It’s true, we’ve now passed the one-year mark since we began our journey. It has been a rich and full experience and yet time has passed very quickly.
Before I forget, I’ll answer a question that was asked just before we left: What if we don’t like it? Well, we love it. Even though the first time I woke up in Island Girl knowing that I’d be living here for a while, my first thought was – What have I done? – I quickly came to love it and have never looked back.
In fact, I was surprised at how easily I adjusted, particularly to the confined quarters. Hector and I decorated our new little 400 square foot home just as we had our other homes, and we really enjoy our interior space.
And we’re also really happy with our upgrades and our custom office space. Hector is able to work on his Apple computer (the photographer gets the big computer) in our comfy chair by the desk, while I work on our laptop on our comfy couch simultaneously.
Island Girl feels downright roomy with her 39’ length, and we have plenty of storage space.
And the journey has far exceeded our expectations. We’ve spent quality time with friends and family across the country, many of whom we’d not seen in waaay too long. And other friends have come to visit.
Along the way we’ve also met lots of different people, learned new things, and just enjoyed spending quality time together. We’ve visited a total of 14 states, including parts of the Midwest, South and Northeast.
We’ve experienced the lovely Arkansas autumn, the fabulous gulf coast of Florida,
the wild and subtle beauty of the Everglades,
and the wilder side of Florida in general.
We returned to the “black” waters of the Okefenokee Swamp,
and to the Great Smoky Mountains.
We visited the Outer Banks of North Carolina,
and spent the beginning of our summer on the breathtaking coast of Maine.
We traveled to extreme opposites; in Key West, Florida, we stood at the southernmost point of the U.S.
And months later made it to the furthest northeast state of Maine.
We spent just under 12 weeks in Canada, where we visited four provinces and learned a ton about our neighbor to the north.
There we saw the amazing tides of the Fundy Coast,
the unique rock formations and the beautiful lighthouse at Peggy’s Cove,
and the rugged beauty of Cape Breton Island.We traveled to the southern tip of Nova Scotia, along the gorgeous landscapes of Prince Edward Island,
and the spectacular Gaspé Peninsula,
where we visited its Northern Gannet colony in Ile de Bonaventure.
We saw the whales of the St. Lawrence River,
and took many walks around beautiful Québec City.
And Angel visited rivers, lakes, rocky and sandy beaches, forests, went boating on various boats and ferries, and even went whale watching.
In total, Island Girl traveled 8,534 miles this first year.
And Hector and I have grown even closer during this journey. Living together in such tight quarters can bring out the best or the worst in couples and sometimes both. We’ve been married for a very long time and are very comfortable spending lots of of our time together while traveling. Even after all of that we had a few grumpy patches along the road, but ultimately found our groove.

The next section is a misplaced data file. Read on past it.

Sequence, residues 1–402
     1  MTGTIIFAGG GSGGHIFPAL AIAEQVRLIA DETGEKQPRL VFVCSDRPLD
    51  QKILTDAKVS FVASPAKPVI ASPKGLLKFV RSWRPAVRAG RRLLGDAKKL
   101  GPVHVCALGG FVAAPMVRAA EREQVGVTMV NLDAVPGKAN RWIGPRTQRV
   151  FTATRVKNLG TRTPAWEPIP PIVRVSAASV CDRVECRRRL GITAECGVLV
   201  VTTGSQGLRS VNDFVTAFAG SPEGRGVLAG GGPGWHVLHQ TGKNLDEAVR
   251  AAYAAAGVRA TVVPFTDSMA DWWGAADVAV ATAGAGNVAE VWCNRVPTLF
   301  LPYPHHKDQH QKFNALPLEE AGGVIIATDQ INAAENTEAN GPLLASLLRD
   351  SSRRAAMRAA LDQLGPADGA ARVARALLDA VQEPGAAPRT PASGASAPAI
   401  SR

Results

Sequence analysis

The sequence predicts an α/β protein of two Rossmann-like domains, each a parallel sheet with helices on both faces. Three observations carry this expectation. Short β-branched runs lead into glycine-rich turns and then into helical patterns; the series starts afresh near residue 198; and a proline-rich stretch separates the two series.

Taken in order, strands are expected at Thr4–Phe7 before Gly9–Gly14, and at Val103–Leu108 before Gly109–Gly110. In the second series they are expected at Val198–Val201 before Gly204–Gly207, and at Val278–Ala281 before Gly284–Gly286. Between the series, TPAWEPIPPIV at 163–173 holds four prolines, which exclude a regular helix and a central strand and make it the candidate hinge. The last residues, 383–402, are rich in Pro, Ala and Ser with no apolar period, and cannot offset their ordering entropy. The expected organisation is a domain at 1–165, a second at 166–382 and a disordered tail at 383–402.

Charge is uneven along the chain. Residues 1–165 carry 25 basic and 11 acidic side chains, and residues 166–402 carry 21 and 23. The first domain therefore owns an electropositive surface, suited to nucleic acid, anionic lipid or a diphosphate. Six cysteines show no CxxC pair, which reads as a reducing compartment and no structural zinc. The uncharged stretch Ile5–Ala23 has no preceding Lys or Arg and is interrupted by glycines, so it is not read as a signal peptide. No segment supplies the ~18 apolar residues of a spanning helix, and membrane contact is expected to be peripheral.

And, interestingly, some of the working aspects of RVing helped us to strengthen our partnership. I named a previous post about leaving and arriving at our destinations “The Departure Dance”. And I really do believe that there is a choreography that you both create and “perform” on a regular basis. But it’s important that the choreography feels right for both of you.
That extends to the day-to-day chores and responsibilities as well. Learning to support each other in a way that takes into account each of your likes, dislikes, talents and skills can make the journey much more enjoyable.
And, not surprising to any RVers out there, we’ve discovered that things tend to go wrong in the most inconvenient of times.
The first time was on the first week we were on the road, when our water inlet broke. Another time, our refrigerator broke down on a Sunday, the day before we planned to cross the border into Canada.
The first Hector fixed himself, the second, we found someone who was able to fix it. But we learned that when things go wrong (not if, but when), we should:
- Stay calm
- Ask for advice and/or help, there is a very helpful community out there
- Be flexible
- Have or make a plan B
At the same time, it’s been difficult to be away from most of our friends and family in Denver, and we really miss them. But we can always visit and plan to soon.
And there have been other challenges along the way; minor medical issues and having to figure out which doctor to go to in unfamiliar places. The same for finding veterinarians.
And, less critical challenges like not having access to cell phones, internet or TV (sometimes a good thing) in some places.
But right now we wouldn’t trade this lifestyle for anything else. And we are continually learning and growing. For me this blog has been a huge learning experience. I’m not the most tech savvy person, and when we began this blog, we knew nothing about blogging. But I took on the task of figuring out how to get started, and spent several frustrating weeks using the process of elimination to figure out certain aspects of the blog.
Well, we just passed the 100 post mark on the blog. And it’s is another example of working as a team. Hector is in charge of the photography, I write the posts. Then we combine the two. From organizing how to divide the subjects to creating the final product, we support each other. Sometimes we collaborate from the beginning, other times we work independently and get together at the end. The blog is another choreography.
When I started writing this post, Hector wrote me a little note with some numbers and fun facts from the year. He ended the note with “i love you still”. And I feel the same way.
And the journey continues.